There was an article in the Saturday New York Times that provided further evidence of something I’ve been blathering on about here. It is what I call the Frugal Lifestyle.
Just to be clear, I have nothing at all against saving money. In fact, I have only respect for those who tightly manage their limited resources to get what they and their families need and want. The same goes for those who now find themselves in difficult circumstances and need to make very hard decisions about what to do.
What I have outright contempt for are people who pretend to save money. People who, for peculiar psychological reasons that need not be explored here, enjoy depriving themselves of small things, or spending small amounts of their time in tiresome ways, because it makes them feel good to be “frugal.” My hostility is doubled for those who have taken the current economic tragedy as inspiration to adopt the Frugal Lifestyle in the same faddish way that they might otherwise take up a new hobby or start twittering.
Years ago, when I was young enough to know about such things, there was an activity that cool rich kids did called “slumming.” The idea, as best I can remember, was that you went to bars that were normally socially beneath you, drank Budweiser all night, and pretended to be one of the ordinary people. Being neither rich nor cool the whole thing was lost on me. (To be honest, hanging out in bars of any kind was lost on me. I was kind of a geek.)
The Frugal Lifestyle is slumming. Case in point is the woman quoted at the top of Saturday’s article.
“I’m enjoying this,” said Becky Martin, 52, who has cut up her 10 credit cards, borrows movies from the library instead of renting them, and grows her own fruits and vegetables — even though her family is comfortable.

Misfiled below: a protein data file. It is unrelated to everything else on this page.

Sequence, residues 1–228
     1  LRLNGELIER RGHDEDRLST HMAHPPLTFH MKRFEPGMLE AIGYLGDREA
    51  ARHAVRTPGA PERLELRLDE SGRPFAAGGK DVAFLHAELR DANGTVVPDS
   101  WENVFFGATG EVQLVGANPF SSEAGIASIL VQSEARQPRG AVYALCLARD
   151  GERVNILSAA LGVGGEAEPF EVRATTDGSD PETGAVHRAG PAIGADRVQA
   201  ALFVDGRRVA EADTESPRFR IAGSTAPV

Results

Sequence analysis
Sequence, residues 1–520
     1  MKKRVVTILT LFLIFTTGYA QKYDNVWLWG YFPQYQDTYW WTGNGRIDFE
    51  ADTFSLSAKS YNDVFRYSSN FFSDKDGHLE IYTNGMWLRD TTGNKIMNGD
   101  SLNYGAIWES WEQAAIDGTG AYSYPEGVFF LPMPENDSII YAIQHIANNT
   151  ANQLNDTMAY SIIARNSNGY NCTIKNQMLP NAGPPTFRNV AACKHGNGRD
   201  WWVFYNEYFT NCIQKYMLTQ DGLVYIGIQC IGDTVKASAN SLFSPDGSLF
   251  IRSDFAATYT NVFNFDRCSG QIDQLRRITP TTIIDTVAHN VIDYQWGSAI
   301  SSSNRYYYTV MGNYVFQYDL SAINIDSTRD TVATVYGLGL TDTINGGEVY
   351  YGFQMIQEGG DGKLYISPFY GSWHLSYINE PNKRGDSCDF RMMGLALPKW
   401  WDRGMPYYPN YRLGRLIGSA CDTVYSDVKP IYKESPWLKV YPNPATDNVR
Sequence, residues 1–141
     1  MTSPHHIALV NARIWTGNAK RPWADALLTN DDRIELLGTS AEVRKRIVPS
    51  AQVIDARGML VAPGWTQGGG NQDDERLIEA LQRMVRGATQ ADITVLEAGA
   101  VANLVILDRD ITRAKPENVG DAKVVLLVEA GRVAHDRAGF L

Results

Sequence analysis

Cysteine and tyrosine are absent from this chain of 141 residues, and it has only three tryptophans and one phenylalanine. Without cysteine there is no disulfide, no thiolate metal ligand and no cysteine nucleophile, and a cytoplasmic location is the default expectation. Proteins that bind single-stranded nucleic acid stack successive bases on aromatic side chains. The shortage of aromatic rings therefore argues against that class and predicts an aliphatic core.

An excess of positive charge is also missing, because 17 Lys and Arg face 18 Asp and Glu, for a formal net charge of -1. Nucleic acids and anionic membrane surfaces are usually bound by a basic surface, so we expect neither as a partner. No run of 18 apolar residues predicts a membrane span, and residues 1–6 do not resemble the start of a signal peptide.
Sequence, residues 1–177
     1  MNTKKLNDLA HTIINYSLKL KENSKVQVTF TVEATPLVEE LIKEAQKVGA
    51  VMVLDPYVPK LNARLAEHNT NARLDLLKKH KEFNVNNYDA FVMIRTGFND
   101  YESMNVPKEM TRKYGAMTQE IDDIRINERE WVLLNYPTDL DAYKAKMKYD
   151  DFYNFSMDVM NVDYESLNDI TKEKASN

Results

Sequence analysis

Ms. Martin is a real estate investor, her husband is a plastic surgeon, and their home sits on the 12th hole of a Cincinnati country club.
I like the image of Martin toiling the earth to put food on her table right there in view of the other doctors and their caddies. But I am betting that the seeds are heirloom, the fertilizer is organic, and when all is said and done she won’t calculate the annual savings from her Whole Foods bill because she couldn’t care less.
This isn’t about the hard realities of money, it is about image and empty symbolism. “It’s a chance to pass along the frugal lifestyle that my mother gave to me” Martin says, as if she were teaching the kids her grandmother’s recipes from the old country. She’s not giving them a survival skill, she’s sharing a cultural experience.
The article then goes on to say that the savings rate in the US has risen recently and quotes an economist discussing the phenomenon.
“It’s huge,” said Martha Olney, an economics professor at the University of California, Berkeley, who specializes in the Great Depression, consumerism and indebtedness. The rapid reversal is even more remarkable, she said, because in recessions consumers usually save less money. Not this time. “It implies a re-emergence of thrift as a value,” she said.
It also implies a deflationary death spiral that has other economics professors waking up in a cold sweat at night. Generally speaking, when the economy sours the savings rate goes down because folks don’t expect the bad times to last long, so draw down their savings to keep up their spending, which helps the economy stabilize. Not this time.
But the tidbit from the article most emblematic of the Frugal Lifestyle is the San Francisco man who uses a program on his iPhone to find the cheapest gas. That is, he uses a $300 mobile phone that costs him a minimum of $70 a month to run a search that he could do on any computer (gasbuddy.com) in order to save possibly a dollar or two at fill-up.
“It seems a little crazy,” he laughs, then adds: “I’m frugal and loving it.”